According to the EU Press Room, "The lost luggage phenomenon when travelling by air has been brought to the attention of the European Commission. Some recent figures published by the UK Air Transport Council (AUC) confirm the concerns expressed by Vice-President Tajani's, in charge of Transport. Vice-President Tajani decided today to take immediate measures on passenger rights starting with an investigation on the scale of the phenomenon. The European Commission's Directorate-General for Transport and Energy will ask today for information from the Airports International Council, and the Association of European Airlines and other parties concerned. The Commission will also contact AUC that was the first to reveal this information. "Safeguarding passenger rights is an essential component of European transport policy. The European Commission wants to be close to its citizens, providing them with solutions to the problems they encounter. It is for this reason that I have decided to act immediately so as to shed some light on these alarming figures which, if they were to be confirmed, would call for a strong political intervention," said Vice-President Tajani. The European Commission is evaluating the effective application of Regulation 889/2002 on luggage loss and damage. At the end of this investigation the Commission will then assess whether any improvements to the Regulation are required."

Tuesday, March 10, 2009

corr: ECJ-Judgment re cabin baggage

Case C‑345/06 (Gottfried Heinrich), Judgment as of 10. March 2009

Preliminary ruling in the course of an action brought by Mr Heinrich against the Austrian authorities after they had refused him access on board an aeroplane on the ground that he was carrying tennis racquets in his cabin baggage, those objects being regarded by those authorities as articles prohibited by an unpublished (!) annex to a civil aviation security regulation 2320/2002/EC:

The annex to Commission Regulation (EC) No 622/2003 of 4 April 2003 laying down measures for the implementation of the common basic standards on aviation security, as amended by Commission Regulation (EC) No 68/2004 of 15 January 2004, which was not published in the Official Journal of the European Union, has no binding force in so far as it seeks to impose obligations on individuals.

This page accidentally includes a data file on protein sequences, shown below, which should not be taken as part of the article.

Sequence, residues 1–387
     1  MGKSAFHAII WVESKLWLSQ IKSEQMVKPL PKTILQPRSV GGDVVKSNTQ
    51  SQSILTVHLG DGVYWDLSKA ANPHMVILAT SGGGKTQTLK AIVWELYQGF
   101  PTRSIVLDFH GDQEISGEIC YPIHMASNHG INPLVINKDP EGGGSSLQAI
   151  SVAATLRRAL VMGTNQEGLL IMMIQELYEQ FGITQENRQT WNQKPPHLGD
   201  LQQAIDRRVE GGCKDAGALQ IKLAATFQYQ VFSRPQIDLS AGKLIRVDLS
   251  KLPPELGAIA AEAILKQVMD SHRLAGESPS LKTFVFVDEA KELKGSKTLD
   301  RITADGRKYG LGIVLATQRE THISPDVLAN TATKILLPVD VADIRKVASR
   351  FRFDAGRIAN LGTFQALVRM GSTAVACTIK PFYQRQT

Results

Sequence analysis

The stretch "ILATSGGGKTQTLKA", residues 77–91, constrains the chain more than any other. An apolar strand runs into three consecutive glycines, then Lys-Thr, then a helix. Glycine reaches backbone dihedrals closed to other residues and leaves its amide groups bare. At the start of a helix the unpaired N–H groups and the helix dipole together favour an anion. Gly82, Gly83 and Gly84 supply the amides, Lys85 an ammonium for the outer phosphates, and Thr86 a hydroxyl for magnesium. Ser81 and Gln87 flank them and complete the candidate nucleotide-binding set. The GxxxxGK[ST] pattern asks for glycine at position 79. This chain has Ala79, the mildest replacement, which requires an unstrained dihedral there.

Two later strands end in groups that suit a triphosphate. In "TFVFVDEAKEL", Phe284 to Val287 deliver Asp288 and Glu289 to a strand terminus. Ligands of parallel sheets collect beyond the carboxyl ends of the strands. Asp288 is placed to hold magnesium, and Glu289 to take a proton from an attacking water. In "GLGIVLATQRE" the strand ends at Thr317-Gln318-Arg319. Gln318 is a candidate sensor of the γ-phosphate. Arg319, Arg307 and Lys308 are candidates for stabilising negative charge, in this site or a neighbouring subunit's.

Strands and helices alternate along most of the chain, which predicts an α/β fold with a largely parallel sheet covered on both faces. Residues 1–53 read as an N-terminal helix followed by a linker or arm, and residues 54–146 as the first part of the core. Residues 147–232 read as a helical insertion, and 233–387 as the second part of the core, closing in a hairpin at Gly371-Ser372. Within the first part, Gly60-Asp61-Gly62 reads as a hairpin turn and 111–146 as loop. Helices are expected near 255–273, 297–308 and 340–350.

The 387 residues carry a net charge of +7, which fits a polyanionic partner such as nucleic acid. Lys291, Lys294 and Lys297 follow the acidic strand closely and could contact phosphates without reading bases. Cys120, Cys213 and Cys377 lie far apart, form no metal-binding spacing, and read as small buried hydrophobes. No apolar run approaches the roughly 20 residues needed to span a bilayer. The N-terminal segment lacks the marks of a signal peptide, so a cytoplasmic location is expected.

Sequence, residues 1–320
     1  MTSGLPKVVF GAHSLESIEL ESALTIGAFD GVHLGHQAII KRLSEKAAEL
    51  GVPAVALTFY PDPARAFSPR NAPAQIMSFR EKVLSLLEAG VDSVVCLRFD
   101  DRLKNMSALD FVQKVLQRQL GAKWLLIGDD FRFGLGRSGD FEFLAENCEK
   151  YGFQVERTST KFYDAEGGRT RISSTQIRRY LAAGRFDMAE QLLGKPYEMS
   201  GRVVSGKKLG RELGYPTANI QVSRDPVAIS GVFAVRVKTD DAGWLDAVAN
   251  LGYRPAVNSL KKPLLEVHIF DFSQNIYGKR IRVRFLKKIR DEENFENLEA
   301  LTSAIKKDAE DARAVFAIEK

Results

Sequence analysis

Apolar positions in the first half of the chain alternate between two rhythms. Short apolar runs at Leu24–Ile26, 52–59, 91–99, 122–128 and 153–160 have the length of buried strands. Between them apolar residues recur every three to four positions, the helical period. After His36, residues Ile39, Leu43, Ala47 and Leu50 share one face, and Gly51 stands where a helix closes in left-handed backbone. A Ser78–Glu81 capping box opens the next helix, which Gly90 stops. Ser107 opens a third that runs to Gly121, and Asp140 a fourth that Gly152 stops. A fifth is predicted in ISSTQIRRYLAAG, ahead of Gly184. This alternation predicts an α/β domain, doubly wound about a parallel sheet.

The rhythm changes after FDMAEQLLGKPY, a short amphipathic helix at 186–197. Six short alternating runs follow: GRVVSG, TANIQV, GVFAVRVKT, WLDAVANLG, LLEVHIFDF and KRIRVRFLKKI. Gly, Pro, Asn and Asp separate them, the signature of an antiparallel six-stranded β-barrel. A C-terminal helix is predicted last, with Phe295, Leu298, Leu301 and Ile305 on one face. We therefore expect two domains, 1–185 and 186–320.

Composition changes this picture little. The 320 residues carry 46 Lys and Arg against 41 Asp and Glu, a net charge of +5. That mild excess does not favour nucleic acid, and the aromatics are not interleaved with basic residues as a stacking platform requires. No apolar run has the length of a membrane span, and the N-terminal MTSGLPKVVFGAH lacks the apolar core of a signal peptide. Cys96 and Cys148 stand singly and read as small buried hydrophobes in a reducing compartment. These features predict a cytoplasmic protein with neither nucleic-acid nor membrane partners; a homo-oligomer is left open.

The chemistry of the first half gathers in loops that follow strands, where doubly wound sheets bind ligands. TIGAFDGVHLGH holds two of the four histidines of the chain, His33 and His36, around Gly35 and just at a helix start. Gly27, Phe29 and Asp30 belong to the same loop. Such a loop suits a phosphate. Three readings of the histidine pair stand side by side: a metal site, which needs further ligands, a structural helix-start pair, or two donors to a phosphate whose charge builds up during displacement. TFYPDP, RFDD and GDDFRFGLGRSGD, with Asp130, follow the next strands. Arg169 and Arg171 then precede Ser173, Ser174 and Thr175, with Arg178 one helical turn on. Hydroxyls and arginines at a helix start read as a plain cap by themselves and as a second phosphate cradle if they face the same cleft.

Monday, March 09, 2009

Canada: free addtional seat for disabled, obese passengers

Upon decision of Canadian Supreme Court, refusing to consider the carriers' appeal of a federal order, Canada's two largest airlines have to give disabled and morbidly obese passengers an extra free seat on domestic flights. The Supreme Court, by convention, gave no reason for the refusal to intervene in the case.

Source: canada.com; find article here>>.

Thursday, March 05, 2009

"Brussels, 5 March 2009 Commission adopts new rules for the introduction of personal consignments of animal products into the EU"

According to the EU Press Room, "The European Commission adopted today a Regulation on the introduction into the EU of animal products by travellers. The Regulation will enter into force on 1 May 2009 and replace the rules that are currently in place. This new legislation intends to clearly explain to the general public the rules concerning the introduction of animal products into the European Union. Indeed, animal products brought into the EU by travellers or sent through the post, could pose a risk to the health of EU livestock by carrying with them certain animal diseases such as foot and mouth disease or other diseases that may also affect humans. The general public therefore plays an important role in keeping such diseases out of the EU."

This release is available in full text.